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Seven Missing U.S. Sailors Found Dead. Aired 1-1:30a ET

Aired June 18, 2017 - 01:00   ET




UNIDENTIFIED MALE (voice-over): This is CNN breaking news.

CYRIL VANIER, CNN ANCHOR (voice-over): Breaking news this hour out of Japan. Seven U.S. sailors, reported missing after a collision at sea some 36 hours ago, are dead. That's according to a U.S. Navy official.

We're awaiting for a news conference to begin very shortly, perhaps any moment now and hopefully we'll learn more then. Here's what we know for the moment.

The seven sailors were found in the flooded berthing compartments of the U.S.S. Fitzgerald. The warship was severely damaged in the collision and it was then towed to Yokosuka, which is home to the U.S. Navy's 7th Fleet.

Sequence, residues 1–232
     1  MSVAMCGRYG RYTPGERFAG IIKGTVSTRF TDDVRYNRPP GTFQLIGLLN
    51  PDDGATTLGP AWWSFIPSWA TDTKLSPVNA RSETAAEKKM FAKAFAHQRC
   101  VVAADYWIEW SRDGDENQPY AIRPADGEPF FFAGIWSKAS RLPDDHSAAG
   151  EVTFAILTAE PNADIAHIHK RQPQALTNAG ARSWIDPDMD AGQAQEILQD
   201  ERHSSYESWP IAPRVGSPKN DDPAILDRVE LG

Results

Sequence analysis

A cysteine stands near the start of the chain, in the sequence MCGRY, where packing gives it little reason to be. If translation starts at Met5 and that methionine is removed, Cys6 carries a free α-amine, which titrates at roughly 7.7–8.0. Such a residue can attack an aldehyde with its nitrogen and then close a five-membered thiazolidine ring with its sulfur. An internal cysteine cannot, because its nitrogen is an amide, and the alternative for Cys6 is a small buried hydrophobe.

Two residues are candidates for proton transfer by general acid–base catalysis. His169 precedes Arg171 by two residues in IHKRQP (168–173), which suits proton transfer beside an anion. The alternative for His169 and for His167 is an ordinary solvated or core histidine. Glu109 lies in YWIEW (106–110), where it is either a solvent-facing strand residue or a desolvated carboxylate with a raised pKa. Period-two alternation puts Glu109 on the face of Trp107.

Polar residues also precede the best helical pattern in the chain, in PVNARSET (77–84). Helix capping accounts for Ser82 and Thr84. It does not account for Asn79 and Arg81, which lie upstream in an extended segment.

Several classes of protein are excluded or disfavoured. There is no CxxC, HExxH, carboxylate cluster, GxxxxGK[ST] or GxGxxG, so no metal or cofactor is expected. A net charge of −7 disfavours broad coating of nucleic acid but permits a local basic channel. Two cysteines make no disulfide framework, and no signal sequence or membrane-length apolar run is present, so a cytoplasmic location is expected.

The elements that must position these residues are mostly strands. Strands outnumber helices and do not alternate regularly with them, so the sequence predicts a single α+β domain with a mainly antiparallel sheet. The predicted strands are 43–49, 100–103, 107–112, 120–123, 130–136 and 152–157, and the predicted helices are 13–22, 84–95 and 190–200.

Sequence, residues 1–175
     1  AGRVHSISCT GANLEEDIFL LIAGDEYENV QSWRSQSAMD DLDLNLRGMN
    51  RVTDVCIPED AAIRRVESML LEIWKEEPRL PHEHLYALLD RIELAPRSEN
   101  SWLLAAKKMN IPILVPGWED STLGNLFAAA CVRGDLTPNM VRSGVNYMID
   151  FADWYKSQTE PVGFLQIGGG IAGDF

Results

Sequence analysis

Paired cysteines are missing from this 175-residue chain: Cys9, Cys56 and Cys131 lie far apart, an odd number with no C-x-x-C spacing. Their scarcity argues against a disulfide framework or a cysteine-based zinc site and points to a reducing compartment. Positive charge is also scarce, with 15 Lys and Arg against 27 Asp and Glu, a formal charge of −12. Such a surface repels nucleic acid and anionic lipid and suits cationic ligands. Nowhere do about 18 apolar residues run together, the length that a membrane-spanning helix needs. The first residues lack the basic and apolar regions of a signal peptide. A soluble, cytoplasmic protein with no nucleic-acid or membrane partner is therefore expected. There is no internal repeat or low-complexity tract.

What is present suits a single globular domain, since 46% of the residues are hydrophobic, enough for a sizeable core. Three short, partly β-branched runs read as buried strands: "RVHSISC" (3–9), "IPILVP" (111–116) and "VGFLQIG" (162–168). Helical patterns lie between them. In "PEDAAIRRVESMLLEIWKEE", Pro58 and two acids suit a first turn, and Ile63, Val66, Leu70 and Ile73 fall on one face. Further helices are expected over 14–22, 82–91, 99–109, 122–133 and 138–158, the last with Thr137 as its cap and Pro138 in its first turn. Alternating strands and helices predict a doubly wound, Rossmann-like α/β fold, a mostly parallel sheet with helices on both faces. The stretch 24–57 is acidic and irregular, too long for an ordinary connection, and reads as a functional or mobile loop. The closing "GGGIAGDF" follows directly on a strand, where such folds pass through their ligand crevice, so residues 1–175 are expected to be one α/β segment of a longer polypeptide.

It collided with this Philippine flag merchant ship -- you saw just a second ago -- on Saturday -- here it is, the ACX Crystal. None of the crew on the merchant ship were reported to be injured. The bodies of the Fitzgerald sailors are being transferred to a naval hospital for identification and their families are being notified.

We know, after the collision, three sailors were medically evacuated -- you see the medevacs there -- including the ship's commanding officer. They were reportedly in stable condition after that.

Both Japan and the U.S. sent ships and aircraft to the collision site to search for the missing sailors but since then they have been found and confirmed dead. And they were found inside the ship.

A Defense official tells CNN the Navy will announce an investigation into the collision to find out exactly how it could have happened. We're expecting the Navy to give a news conference shortly to address these latest developments, give us more information. We'll bring you that live coverage as soon as it happens.

For now, I'm joined by journalist Kaori Enjoji. She's in Tokyo. She's been covering this with us.